The Foreground shot

The Background shot

Once home, I open these two images in a freeware Microsoft ICE (Yes, you are reading Freeware and Microsoft in the same line!). ICE stands for Image Compose Editor. Simply opening the images in ICE is enough. They get stitched by default. ICE has three menus: Stitch, Crop and Export. Various kinds of camera motions are considered by the software when the images are opened. It chooses the one it finds the best. Sometimes, if I wish to change the perspective, I feed in Rotating Motion. This lets me change the Projection (distortion and the perspective). Once the images get stitched, I rarely have to crop the images as they were fore planned. Then I do post processing in the form of enhancing the levels, curves, colour balance, hue and saturation. If there are any blown out highlights, I increase the levels of Black of the White colour in the Selective Colouring. Sometimes, I use the gradient tool to get the graduated neutral density filter effect.

Both images opened in Microsoft ICE.

Final Image after post processing
A few more Vertoramas:


Torna again
Sometimes, we can go the other way round. Take horizontal panoramas keeping the camera vertical. This again gives a massive resolution to the image and also gives it more height.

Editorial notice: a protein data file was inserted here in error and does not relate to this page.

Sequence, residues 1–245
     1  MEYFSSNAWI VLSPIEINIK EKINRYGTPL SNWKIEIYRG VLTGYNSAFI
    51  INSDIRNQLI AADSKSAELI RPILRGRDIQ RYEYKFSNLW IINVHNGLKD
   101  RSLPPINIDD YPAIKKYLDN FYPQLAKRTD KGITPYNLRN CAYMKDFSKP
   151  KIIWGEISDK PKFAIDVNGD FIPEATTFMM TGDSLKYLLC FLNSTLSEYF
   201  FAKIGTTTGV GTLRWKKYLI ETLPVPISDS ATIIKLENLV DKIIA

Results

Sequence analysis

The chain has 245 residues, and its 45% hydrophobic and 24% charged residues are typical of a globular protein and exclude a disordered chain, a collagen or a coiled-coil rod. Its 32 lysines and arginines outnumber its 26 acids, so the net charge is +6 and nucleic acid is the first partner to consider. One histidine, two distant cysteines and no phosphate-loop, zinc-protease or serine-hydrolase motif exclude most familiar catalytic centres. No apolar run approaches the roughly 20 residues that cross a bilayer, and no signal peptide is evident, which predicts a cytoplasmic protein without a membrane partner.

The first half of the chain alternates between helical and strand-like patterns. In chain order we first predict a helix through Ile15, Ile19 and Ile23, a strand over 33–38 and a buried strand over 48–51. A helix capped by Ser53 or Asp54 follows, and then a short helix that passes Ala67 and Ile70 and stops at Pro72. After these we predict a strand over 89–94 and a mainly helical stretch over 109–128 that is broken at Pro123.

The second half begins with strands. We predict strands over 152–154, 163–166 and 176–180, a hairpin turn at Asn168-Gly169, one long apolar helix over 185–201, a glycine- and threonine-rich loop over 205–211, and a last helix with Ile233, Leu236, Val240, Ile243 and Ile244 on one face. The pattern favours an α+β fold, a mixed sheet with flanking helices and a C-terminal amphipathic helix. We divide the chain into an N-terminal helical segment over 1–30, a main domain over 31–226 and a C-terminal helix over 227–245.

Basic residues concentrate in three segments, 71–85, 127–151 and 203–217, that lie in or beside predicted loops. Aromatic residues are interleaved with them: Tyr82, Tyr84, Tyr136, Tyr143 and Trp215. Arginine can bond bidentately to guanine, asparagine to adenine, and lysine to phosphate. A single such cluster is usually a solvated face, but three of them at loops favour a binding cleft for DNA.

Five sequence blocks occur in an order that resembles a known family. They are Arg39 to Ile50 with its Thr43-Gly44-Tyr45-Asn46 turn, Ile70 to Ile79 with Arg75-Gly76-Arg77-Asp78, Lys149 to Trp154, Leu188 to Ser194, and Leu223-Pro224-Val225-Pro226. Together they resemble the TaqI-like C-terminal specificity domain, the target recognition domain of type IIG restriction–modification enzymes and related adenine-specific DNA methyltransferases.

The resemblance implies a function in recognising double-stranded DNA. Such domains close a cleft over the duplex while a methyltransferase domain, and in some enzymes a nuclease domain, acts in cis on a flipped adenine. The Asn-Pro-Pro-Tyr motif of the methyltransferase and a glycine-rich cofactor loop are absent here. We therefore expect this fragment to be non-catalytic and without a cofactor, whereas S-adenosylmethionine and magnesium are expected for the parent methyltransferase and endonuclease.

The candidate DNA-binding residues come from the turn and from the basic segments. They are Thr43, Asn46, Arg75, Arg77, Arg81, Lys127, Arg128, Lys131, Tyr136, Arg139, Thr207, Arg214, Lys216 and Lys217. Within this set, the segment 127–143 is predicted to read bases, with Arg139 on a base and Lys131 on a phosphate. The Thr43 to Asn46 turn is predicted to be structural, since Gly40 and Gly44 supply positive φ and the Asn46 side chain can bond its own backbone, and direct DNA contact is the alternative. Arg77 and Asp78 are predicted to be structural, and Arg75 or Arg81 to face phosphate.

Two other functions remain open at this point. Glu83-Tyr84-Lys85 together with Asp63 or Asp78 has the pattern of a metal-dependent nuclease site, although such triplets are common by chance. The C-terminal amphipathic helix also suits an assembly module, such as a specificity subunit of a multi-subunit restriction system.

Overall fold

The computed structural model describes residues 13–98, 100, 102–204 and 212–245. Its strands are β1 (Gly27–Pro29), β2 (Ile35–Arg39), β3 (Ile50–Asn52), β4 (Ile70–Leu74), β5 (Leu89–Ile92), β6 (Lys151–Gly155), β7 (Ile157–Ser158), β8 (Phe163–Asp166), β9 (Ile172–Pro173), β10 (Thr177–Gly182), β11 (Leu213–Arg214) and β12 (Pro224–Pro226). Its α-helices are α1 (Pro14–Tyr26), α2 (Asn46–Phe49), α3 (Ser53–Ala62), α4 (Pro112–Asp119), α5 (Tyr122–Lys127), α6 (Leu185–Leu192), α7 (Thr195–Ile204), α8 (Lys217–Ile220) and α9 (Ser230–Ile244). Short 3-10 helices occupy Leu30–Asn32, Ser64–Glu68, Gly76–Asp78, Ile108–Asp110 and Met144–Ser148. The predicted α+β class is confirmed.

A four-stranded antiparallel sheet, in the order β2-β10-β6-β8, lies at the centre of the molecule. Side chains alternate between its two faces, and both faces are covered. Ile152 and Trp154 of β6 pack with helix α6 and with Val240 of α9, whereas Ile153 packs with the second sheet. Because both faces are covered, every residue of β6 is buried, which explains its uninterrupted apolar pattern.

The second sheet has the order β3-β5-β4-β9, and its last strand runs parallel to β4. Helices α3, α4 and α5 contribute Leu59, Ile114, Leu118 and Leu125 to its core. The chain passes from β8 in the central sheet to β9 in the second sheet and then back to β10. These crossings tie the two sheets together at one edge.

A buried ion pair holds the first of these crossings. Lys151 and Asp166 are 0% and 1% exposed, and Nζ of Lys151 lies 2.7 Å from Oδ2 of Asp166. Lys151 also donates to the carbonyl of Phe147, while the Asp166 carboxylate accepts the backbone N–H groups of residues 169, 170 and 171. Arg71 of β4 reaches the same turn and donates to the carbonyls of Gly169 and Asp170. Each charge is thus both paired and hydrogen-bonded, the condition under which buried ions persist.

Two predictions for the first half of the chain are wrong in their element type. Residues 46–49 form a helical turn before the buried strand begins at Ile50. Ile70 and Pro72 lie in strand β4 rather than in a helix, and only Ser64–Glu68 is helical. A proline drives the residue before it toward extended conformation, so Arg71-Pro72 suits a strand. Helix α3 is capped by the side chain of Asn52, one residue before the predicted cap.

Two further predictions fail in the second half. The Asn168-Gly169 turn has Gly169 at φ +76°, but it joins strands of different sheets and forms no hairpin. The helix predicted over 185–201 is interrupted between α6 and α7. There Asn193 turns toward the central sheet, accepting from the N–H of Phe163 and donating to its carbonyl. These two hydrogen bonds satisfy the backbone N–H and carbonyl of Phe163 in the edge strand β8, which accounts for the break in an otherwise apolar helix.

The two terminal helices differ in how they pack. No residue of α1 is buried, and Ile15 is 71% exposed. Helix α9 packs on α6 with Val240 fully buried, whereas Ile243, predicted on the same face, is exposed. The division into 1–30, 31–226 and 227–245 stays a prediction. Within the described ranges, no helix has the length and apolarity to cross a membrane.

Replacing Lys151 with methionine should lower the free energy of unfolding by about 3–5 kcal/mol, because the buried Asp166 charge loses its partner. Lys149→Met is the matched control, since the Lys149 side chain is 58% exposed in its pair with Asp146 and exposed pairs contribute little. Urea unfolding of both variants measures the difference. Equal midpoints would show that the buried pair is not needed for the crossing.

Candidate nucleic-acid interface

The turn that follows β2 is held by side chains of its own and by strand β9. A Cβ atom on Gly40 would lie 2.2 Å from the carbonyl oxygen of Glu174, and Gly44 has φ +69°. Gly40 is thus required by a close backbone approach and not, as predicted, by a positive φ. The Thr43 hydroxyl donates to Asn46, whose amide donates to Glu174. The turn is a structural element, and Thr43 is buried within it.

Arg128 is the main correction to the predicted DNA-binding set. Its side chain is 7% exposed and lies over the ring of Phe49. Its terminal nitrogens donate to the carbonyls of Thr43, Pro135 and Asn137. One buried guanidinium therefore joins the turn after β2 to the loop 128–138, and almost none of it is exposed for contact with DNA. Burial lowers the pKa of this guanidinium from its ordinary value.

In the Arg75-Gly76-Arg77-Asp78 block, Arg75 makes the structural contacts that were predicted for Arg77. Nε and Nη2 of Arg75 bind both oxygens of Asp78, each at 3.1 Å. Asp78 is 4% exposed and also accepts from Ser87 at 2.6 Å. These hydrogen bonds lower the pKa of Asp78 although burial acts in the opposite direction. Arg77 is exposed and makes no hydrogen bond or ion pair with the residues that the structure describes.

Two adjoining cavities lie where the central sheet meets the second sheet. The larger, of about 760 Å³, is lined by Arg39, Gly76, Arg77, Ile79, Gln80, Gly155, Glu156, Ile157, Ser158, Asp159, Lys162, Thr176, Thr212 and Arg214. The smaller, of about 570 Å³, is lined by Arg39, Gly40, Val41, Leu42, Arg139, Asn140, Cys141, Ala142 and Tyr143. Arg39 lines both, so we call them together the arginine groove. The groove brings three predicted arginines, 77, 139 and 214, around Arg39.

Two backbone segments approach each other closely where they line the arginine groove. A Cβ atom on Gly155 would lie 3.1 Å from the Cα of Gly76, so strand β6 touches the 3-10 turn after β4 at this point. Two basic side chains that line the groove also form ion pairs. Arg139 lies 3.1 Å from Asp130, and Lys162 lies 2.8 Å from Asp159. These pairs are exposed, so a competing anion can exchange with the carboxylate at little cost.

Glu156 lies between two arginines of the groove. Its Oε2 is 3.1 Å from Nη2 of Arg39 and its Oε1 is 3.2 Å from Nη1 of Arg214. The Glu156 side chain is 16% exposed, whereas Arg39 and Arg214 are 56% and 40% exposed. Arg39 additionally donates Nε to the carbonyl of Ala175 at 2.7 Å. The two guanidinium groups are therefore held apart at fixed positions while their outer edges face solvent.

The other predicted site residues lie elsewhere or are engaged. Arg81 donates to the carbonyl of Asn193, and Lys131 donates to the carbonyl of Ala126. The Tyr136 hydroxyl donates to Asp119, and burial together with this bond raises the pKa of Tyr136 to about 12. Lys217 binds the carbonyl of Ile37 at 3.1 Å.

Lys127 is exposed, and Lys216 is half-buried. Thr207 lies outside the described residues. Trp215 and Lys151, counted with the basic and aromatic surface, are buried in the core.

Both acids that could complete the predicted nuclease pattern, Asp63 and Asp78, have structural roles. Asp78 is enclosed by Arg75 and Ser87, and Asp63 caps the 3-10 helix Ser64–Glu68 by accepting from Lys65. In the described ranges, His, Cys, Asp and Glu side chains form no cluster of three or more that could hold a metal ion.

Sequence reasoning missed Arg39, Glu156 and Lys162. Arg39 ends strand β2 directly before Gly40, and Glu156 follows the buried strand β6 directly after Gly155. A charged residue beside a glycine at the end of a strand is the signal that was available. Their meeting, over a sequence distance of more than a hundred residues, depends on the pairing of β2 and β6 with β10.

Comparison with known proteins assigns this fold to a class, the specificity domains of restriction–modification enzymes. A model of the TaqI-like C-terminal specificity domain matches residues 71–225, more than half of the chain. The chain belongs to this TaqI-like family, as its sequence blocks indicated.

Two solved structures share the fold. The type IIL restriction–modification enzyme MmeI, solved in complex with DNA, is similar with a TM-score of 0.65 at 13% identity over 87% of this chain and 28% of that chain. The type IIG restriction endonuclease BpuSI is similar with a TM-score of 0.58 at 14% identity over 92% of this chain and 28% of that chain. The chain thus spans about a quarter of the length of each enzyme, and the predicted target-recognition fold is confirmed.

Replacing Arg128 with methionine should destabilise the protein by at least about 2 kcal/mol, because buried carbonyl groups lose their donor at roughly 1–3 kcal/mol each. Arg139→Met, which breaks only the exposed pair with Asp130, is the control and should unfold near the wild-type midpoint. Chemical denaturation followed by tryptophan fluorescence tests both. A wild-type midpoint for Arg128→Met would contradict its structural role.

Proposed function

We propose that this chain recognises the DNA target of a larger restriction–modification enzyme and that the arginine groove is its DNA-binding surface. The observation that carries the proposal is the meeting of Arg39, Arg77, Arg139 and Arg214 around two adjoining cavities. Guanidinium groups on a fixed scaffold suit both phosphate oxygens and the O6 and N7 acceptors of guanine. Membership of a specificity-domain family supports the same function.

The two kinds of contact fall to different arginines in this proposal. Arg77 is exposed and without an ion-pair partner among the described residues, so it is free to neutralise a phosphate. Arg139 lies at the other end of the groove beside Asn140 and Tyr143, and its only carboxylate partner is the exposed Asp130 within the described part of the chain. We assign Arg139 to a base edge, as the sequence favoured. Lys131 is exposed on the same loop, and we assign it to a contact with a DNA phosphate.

An example of a panorama taken from multiple images in horizontal orientation
To give justice to vertoramas, you need to print them really big. Atleast 18"x18" (or whatever the aspect ratio is) + border + frame and put it high on display. The reason is there is tremndous amount of data captured in the image and it will simply go unnoticed. Don't worry about printing at 300dpi. I've printed a few at 150dpi and they look pretty cool. One of the most appreciated photo at my father's office is a 8x12" frame of Naukuchiatal taken by a 2 MP cellphone. Resolution, sharpness the matter the most only on internet forums. For a landscape its the light, the colours and the composition which matters period. You might notice that my images are a little extra saturated. The reason is the prints I have made till now have lacked saturation. Hence I increase it in the image so that the prints do fine.
My landscape photography is evolving rapidly. I shall further experiment with many other techniques to get the images I want. For now atleast, Vertorama provides me a great hand to capture the Sahyadri.